The Potential of the Current Vaccine Research to Expand Our Ability to Defeat Other Diseases, “Apollo Mission” Style!
A very exciting article, well-titled: “THE AMERICAN SYSTEM AT ITS BEST. Science Driver Medicine: RNA Vaccine Technology Expands Into Broader Disease Treatment” was published in The Executive Intelligence Review on August 14th, 2020 . The article was written by team member Dr. Ned Rosinsky. It includes a helpful primer to understand the language of recent research for a lay audience.
In a very thorough way, Dr. Rosinsky’s article discusses the unprecedented worldwide surge of research currently underway, not only to develop preventive vaccines for COVID (which he discusses), but also to accelerate fundamental breakthroughs in medical research as a result of that effort. This international project will effect many medical problems of mankind.
Rosinsky notes the determination of those involved in this research and clinical approaches to save lives, and their motivation to overcome the hurdles put in front of the medical profession and society itself — both economic and conceptual. He discusses this progress historically, and includes a fascinating overview of the arc of development from ancient China, to the work of Benjamin Franklin, to Louis Pasteur, to Carl Woese.
He writes: “Looking back at the long history of vaccine development, we can see an approximately exponential rate of acceleration of progress. The initial period of smallpox vaccine using small amounts of actual smallpox material stretches from the time frame of 200 BCE in China, to Dr. Fewster’s cowpox finding in 1768, approximately a 2,000-year span. From Fewster to the vaccines of Pasteur and Koch near the end of the 1800s is approximately 120 years. From Pasteur to the widening of vaccine use in numerous diseases brings us to the 1950-1960 time period, a 50- to 60-year jump, leading to the eradication of smallpox worldwide in the 1970s. By 2003, we have the full human genome sequenced and mapped, and the stage is set for a vast explosion of research into the long-term chronic diseases that have up to now put a finite limit on human life expectancy: cancer, heart disease, stroke, dementia, and the aging of tissues more generally. In the past twenty years, enormous technical advances in rapidly sequencing and reproducing nucleic acids has paved the way for not only the proliferation of vaccines, but also the wider use of genetic material such as mRNA in cancer and a large spectrum of rare genetic disorders. The exponential rate of development entered a phase-change in the past ten years, as the various uses of mRNA and DNA in treating numerous diseases have taken off. This broad expansion of lines of research, emanating from the breakthroughs in basic sciences, is an example of a Riemann singularity operating in the realm of the human expansion of knowledge and associated increase in power over the universe. The singularity is a source, analogous to the source in a fluid flow or potential flow. It is not a point source in a Riemann mapping, but a state-of-existence source, a singularity in the state of the science.”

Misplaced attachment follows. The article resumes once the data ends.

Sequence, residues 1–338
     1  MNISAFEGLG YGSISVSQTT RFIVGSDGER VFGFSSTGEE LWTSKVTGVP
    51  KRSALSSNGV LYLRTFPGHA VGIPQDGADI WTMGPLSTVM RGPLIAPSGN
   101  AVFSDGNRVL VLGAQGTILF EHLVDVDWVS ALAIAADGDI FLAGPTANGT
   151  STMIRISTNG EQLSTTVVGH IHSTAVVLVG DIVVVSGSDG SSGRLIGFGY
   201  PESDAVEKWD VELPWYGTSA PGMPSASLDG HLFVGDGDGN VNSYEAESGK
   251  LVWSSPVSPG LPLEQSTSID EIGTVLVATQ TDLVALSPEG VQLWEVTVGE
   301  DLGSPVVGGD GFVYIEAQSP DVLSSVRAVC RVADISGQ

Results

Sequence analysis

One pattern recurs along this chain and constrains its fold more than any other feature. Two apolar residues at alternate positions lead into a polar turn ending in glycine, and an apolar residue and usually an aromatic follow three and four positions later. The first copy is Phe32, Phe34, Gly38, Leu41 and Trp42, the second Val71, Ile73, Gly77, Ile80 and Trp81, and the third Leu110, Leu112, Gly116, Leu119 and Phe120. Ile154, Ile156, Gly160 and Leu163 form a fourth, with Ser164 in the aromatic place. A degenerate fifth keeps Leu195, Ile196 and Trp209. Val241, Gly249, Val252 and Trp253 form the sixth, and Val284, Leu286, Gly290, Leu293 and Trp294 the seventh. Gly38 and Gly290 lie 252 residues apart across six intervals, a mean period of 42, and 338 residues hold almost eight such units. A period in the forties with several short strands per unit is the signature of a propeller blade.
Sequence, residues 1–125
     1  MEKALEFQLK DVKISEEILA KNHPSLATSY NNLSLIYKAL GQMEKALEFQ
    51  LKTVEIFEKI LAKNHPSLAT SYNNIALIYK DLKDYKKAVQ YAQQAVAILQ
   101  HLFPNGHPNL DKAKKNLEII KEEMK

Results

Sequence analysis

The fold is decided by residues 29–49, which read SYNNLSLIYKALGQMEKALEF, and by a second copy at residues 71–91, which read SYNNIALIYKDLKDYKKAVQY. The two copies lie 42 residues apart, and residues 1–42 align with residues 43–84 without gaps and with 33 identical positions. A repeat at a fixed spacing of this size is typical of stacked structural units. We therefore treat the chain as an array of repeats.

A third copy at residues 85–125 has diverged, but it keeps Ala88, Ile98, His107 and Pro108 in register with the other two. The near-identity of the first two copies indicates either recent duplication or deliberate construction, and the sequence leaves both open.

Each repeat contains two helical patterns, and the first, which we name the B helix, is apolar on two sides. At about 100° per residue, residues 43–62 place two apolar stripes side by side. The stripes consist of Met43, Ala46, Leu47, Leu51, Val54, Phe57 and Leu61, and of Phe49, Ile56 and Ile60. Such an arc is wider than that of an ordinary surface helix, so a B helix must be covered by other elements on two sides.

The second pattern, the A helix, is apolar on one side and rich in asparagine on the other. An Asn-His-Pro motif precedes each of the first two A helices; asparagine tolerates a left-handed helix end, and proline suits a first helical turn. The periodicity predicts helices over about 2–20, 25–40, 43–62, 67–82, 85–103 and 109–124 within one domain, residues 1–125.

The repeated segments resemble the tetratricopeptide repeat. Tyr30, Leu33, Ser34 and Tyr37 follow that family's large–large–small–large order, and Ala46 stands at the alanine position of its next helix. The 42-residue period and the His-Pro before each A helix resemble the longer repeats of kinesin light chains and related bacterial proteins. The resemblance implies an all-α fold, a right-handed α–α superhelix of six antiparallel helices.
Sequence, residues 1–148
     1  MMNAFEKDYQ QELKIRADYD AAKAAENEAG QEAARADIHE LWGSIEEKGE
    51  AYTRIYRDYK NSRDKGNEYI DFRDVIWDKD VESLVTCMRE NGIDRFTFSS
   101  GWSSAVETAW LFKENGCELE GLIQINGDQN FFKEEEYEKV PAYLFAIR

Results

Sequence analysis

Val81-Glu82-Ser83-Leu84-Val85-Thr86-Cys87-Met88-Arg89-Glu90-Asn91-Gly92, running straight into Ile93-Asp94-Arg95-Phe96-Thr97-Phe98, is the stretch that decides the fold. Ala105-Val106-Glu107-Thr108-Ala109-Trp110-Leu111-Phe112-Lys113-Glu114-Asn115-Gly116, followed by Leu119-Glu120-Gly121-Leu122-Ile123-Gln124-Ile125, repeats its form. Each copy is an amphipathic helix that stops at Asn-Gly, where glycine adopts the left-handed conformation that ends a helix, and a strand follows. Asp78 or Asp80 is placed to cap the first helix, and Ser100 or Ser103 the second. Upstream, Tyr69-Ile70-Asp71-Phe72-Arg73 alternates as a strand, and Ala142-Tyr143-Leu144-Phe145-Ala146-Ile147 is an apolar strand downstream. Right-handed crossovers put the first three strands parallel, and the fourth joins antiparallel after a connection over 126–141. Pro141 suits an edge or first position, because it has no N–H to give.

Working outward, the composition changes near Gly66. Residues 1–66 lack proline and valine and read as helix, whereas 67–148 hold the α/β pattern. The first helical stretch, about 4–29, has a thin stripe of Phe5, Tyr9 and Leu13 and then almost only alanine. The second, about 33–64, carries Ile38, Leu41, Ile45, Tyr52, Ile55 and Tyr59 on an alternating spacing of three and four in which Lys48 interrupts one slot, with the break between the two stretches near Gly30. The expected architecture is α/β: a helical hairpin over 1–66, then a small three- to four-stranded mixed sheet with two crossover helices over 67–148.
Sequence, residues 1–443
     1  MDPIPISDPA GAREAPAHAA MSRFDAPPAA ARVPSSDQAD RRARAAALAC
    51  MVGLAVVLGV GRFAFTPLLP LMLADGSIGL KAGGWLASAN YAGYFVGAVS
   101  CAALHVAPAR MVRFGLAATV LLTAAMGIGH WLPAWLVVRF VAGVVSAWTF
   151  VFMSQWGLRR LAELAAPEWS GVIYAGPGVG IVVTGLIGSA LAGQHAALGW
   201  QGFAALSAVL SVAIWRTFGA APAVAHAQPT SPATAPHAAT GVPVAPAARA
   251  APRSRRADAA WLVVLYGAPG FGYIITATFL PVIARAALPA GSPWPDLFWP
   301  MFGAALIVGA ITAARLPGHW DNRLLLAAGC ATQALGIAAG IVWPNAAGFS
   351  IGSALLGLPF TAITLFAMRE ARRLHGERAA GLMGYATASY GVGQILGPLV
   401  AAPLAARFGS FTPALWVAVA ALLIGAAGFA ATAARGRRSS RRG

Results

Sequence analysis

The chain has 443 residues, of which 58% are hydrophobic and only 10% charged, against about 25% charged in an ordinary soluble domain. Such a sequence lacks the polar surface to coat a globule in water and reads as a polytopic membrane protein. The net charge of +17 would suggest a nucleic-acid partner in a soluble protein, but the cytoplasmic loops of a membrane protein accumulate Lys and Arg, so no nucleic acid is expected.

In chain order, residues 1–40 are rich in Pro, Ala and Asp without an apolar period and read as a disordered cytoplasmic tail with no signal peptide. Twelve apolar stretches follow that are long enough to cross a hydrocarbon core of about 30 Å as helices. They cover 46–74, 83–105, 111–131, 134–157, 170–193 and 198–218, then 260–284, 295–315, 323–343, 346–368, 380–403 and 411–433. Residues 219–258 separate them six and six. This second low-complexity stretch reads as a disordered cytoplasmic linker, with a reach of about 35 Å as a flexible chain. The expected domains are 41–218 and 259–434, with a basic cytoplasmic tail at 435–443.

The article poses the question of what conditions are required to make human creativity the driving force of an economy, and to substitute science drivers that increase the long term potential of a population and drive medical progress, in opposition to the plague of financial speculation. In his final paragraphs, Rosinsky concludes: “Let us use the die-hard optimism of the population that expects progress in medical science, to revive the optimism that we have had in the past for other major science-drivers of the economy such as space exploration, and let us use this energy of optimism—to rid ourselves of the parasitical derivatives market with GlassSteagall, to revamp our infrastructure, and to form a Hamiltonian national bank. The Golden Renaissance followed on the heels of the devastating bubonic plague. We can create another renaissance on the heels of the COVID-19 disaster. We only need to follow what we have done in the past, such as what President Franklin Roosevelt did to get us out of the Great Depression, with his programs such as initiating Glass-Steagall banking regulation, and massive infrastructure developments such as the Tennessee Valley Authority hydroelectric project.”